Grocery store a key issue at Silt candidate forum
SILT — Each of the four candidates running for the town board attempted, at times, to lay out their unique vision for the town Tuesday evening, but the need to land a grocery store or some similar business was one issue all the candidates repeatedly agreed on.
The desire to see a grocery store, or as candidate Paul Taylor, a former Silt trustee and police chief, said, an anchor retail business, was far from the only thing the candidates agreed on at a forum hosted by the Rifle Area Chamber of Commerce.
However, the need for a grocery store persisted throughout the nearly 90-minute forum as a key issue to increasing the sales tax base for the town, which the candidates said was necessary for improving infrastructure and other quality-of-life needs.
A grocery store would create a domino effect, said Kenneth (T.J.) Tucker, who was appointed to a vacant seat on the board last fall. It starts with a grocery store, and then leads to a bank or fast food restaurant coming to town, he added.
To that point, candidate Dina Prieto said she agreed, and echoed Taylor’s statement concerning the need to keep sales tax dollars in the town, rather than have that money spent in Rifle, New Castle or another neighboring municipality.
Keith Richel, who was first elected to the board four years ago, said a grocery store has to be the No. 1 economic development priority for the town. He referenced a recently updated demand analysis that concluded there is still a significant amount of retail potential leaking outside of the town.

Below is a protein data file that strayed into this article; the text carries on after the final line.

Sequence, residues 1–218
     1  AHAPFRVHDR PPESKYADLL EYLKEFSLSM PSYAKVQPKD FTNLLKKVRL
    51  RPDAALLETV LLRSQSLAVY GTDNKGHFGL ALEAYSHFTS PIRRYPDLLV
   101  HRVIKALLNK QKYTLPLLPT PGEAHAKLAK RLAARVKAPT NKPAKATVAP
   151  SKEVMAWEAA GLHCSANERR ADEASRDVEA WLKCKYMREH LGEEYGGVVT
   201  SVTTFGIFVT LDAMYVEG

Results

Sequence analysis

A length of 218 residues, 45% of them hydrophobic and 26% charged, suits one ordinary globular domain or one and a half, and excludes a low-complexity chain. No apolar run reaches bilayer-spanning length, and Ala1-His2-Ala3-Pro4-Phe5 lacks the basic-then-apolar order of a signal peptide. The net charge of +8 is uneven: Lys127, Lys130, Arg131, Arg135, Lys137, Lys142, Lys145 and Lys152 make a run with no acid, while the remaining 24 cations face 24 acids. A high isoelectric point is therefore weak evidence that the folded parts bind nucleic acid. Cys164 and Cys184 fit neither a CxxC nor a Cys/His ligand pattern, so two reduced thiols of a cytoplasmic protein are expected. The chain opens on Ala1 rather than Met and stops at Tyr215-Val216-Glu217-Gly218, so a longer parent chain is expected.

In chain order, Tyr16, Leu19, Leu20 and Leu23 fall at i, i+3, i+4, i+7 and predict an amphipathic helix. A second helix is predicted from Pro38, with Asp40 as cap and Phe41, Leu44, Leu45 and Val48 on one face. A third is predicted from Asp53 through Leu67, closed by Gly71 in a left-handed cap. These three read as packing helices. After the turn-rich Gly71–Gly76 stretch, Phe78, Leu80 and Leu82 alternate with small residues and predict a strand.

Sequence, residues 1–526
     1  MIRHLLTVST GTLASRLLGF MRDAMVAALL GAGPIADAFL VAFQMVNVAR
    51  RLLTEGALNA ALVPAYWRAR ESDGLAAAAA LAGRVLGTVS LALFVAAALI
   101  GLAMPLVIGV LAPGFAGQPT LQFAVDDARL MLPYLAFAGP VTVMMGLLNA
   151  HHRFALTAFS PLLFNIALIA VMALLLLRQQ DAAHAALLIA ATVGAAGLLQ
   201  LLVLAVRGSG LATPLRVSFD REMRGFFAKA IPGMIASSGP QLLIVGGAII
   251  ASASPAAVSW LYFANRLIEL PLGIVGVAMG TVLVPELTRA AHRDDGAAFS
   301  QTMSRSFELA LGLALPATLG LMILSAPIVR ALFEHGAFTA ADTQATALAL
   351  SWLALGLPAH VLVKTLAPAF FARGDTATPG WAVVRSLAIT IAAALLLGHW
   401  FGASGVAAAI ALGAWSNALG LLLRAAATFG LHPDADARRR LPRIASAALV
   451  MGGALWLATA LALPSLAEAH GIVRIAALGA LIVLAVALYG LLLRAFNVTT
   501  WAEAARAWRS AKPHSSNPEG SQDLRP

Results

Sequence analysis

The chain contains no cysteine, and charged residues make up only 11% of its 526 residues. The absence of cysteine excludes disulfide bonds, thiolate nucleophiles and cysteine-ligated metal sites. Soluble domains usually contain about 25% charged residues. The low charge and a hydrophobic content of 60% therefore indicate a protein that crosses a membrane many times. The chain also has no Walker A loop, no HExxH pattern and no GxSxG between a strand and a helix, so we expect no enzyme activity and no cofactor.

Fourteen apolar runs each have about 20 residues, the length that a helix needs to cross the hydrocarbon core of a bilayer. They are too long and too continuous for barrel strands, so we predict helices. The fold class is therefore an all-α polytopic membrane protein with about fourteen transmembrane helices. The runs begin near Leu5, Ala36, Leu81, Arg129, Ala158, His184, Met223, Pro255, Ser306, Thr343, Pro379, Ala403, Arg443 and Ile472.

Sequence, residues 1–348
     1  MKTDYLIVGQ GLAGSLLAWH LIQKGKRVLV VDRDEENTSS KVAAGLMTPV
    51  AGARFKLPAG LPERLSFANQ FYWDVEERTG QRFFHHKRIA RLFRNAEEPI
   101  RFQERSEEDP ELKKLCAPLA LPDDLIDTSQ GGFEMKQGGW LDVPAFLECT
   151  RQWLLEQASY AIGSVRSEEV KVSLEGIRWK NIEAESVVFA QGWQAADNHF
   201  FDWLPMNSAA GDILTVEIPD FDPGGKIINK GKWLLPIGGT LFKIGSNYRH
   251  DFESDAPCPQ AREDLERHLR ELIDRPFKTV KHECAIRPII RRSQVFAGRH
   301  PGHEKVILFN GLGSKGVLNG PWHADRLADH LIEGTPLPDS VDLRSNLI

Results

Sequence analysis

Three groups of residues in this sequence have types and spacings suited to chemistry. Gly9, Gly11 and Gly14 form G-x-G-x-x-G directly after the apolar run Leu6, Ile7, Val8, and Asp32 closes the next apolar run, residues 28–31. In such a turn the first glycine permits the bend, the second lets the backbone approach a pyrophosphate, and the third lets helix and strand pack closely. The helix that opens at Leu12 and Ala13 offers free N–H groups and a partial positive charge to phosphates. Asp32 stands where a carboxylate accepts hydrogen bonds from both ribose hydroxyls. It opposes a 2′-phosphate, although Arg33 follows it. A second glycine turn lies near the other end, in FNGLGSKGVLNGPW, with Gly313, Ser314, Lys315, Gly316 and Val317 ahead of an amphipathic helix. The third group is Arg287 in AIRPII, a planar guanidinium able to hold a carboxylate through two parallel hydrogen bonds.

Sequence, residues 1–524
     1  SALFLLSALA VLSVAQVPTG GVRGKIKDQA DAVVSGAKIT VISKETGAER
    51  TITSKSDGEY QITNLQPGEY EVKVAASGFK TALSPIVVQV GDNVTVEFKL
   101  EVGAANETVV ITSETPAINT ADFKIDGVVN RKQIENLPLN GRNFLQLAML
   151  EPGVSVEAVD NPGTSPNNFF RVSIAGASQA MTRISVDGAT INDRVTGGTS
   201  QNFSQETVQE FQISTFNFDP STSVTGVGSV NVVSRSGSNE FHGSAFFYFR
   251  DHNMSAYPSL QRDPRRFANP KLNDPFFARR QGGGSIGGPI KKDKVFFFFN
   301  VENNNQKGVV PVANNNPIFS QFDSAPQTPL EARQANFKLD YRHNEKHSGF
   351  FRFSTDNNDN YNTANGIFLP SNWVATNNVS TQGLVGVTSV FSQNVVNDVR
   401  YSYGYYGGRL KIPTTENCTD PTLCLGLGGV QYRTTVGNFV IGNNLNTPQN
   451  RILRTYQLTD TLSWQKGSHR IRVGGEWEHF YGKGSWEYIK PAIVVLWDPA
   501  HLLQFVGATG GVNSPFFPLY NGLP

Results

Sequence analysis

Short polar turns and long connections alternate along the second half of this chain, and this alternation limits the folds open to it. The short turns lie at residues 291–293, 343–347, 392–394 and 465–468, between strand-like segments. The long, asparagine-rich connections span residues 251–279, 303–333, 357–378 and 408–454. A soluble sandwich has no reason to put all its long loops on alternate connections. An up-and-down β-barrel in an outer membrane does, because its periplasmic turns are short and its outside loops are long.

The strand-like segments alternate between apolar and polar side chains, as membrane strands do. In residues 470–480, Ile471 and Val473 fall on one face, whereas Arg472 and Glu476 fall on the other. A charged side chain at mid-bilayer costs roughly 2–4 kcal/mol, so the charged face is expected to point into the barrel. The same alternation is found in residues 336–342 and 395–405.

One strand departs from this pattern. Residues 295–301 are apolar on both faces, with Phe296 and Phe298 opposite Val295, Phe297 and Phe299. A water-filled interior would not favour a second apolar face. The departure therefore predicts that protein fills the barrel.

The topic is nothing new, Taylor said, adding that there have been talks of a grocery store since he moved to Silt in 1987. But it’s been all talk and no results.
Bringing a grocery store to Silt was cited as a crucial part of overall economic development in the town during a 2014 candidate forum, although a report from that time pointed to disagreement among some candidate as to the preferred method for attracting a store.
Taylor on Tuesday seemed critical of the desire to locate a grocery store on town-owned parcels next to the Kum and Go. Rather than waste money on a swamp — a reference to the wetlands and mitigation required — Taylor suggested there were plenty of other locations that could be looked at. He also suggested alternatives to the typical large chain grocery store, such as a Wal-mart convenience store, or as he called it, “a mini Wal-mart.”
Richel said that the grocery store was a more complicated issue than some people seem to think, but he and Tucker stated their optimism that the town was making progress.
Richel pointed to the fact that the town recently changed its approach, and rather than only reaching out to grocery stores, the town also is contacting commercial developers that could potentially construct a building to house a store.
“We’re knocking on two doors instead of one.. hopefully we can knock one of those doors down,” he said.
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